2022 Ikeji festival may not hold as company threatens court action

Posted on: February 4, 2022, by :

Imo State’s biggest traditional festival the Ikeji festival of Arondizuogu may not hold this year. This is as a result of contractual disagreement    between the organizers of the festival, the Arondiuzogu Patriotic  Union (APU), and a marketing company, Elveden Resource Nigeria. 

Elveden is threatening to drag APU to court and stop the festival over alleged breach of contract by the APU.  The company said it had on December 29, 2019, entered into a consultancy service agreement with APU for the marketing, branding and repackaging of the Ikeji festival for a period of four year, from 2019 to 2023.

According to the Creative Director of the company, Mr. Ikenna Anene, having entered into the agreement, Elveden had spent so much in marketing, promotion and publicity of the festival, first in 2020.

However, the Federal Government’s suspension of inter-state travels and all gatherings as a result of the COVID 19, forced the festival to be postponed.

He said in 2021, however, with a new APUexecutive in place, without having any form of discussion with his company, the new exco decided to jettison the contract APU entered.  

Anene said: “Why we are resorting to the law court is that they have not agreed to come to the table and discuss with us. After the agreement was signed with APU, we spent so much money on the Ikeji project. So, if they do not want to discuss with us to resolve whatever issues that are there…It is not a must that we must be the ones that will handle the festival, they can reimburse us the money we have spent on the project and let us go our way.”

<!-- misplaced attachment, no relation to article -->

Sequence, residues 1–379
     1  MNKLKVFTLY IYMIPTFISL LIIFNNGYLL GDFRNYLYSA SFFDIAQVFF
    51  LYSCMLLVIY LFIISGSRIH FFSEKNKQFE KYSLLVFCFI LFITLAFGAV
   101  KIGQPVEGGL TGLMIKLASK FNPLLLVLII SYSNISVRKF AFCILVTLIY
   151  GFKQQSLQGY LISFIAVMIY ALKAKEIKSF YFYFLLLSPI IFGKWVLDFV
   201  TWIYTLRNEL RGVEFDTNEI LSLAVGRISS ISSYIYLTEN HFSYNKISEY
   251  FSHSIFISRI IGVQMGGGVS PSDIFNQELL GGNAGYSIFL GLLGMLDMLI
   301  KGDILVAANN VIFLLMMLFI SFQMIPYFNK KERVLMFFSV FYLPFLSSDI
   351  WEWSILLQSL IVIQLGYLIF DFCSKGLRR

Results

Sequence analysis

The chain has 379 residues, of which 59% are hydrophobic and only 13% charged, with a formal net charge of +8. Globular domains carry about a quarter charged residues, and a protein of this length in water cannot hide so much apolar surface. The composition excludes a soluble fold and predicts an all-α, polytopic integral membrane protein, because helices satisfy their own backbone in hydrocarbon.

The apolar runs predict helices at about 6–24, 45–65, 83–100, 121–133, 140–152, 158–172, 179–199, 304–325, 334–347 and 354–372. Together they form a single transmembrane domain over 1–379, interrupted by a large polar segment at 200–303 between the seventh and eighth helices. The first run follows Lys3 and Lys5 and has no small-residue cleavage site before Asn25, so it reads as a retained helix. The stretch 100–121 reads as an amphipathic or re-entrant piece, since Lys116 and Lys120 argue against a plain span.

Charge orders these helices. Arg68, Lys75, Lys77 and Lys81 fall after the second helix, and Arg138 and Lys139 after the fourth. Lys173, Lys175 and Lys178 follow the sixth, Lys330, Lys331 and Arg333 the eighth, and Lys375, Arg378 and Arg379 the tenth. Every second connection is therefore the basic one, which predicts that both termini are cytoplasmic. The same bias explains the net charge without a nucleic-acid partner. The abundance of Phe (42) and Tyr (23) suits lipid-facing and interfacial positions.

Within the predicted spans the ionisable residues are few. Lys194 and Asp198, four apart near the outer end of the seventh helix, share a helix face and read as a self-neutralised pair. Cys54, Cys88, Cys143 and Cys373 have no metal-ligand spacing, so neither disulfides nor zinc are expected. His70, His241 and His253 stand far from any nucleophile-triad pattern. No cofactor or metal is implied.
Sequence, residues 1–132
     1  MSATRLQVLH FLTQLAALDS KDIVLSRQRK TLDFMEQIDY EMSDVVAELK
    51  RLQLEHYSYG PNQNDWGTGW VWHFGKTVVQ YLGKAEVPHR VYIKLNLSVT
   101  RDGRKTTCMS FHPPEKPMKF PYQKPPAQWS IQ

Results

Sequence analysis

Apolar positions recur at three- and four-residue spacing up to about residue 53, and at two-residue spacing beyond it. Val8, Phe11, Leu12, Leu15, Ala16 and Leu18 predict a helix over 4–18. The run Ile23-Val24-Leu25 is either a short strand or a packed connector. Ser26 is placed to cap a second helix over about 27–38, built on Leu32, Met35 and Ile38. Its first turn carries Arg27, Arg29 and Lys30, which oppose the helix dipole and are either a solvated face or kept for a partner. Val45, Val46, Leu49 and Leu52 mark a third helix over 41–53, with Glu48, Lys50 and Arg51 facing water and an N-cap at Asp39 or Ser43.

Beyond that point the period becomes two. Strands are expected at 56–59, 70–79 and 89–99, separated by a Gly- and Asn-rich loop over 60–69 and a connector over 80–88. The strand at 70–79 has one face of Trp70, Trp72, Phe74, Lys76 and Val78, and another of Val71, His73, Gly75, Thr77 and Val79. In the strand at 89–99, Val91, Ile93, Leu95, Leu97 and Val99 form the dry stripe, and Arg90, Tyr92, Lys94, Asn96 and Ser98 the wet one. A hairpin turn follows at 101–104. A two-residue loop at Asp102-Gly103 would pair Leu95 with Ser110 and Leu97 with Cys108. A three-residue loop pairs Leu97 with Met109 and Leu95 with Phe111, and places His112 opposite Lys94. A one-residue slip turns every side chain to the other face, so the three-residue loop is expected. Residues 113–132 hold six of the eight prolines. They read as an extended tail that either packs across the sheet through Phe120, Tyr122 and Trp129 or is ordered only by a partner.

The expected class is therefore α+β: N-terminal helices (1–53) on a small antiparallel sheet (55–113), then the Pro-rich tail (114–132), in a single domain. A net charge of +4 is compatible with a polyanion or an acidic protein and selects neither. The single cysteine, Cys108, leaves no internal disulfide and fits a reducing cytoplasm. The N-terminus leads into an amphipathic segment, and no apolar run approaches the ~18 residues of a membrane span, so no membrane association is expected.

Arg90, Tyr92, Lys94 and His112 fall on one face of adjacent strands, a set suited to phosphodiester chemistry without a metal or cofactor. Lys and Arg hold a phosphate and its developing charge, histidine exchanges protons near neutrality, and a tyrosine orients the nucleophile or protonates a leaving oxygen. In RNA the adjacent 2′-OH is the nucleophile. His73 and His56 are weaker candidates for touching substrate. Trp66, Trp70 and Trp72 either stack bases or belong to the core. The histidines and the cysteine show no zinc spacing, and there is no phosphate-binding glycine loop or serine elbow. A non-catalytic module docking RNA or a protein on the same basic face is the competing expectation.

Asked if the new APU leadership had acknowledged the contract agreement, he said: “Of course there was a document that was signed. They have acknowledged that but what they are saying was that they were not comfortable with the agreement signed by the former exco of APU. They acknowledged the agreement but were not ready to enter into negotiation with us. They should pay us off for what we have expended and we will go away.

“ We started engaging them even in 2021, before the 2021 Ikeji festival. We didn’t want to come out to say anything. We wanted to show them that we were ready to negotiate, but their going ahead  to hold the 2021 Ikeji festival was a clear violation of the agreement we entered with them.  So, that is why we decided to take this action of stopping the 2022 edition.  If they don’t come to the table to negotiate, we will go to court for the agreement to stand.  This might also include asking that the festival be suspended until these matters are resolved.”

Last year, after letters for the festival was sent out, Elveden Resources’ legal firm, Nwakaudu Okechukwu Provins Esq. and Co., had also written to the new leadership APU to draw their attention to the agreement.

The legal firm, among other things, wrote: “We refer to the letter dated Monday, January 18, 2021 which is attached. We reiterate that on the 29th December, 2019, our client entered into a consultancy service agreement herein referred to an ‘agreement’, with Arondiuzogu Patriotic Union, herein referred to as ‘APU’ for general marketing, branding and repackaging of the Ikeji. A copy of this agreement is attached for ease of reference.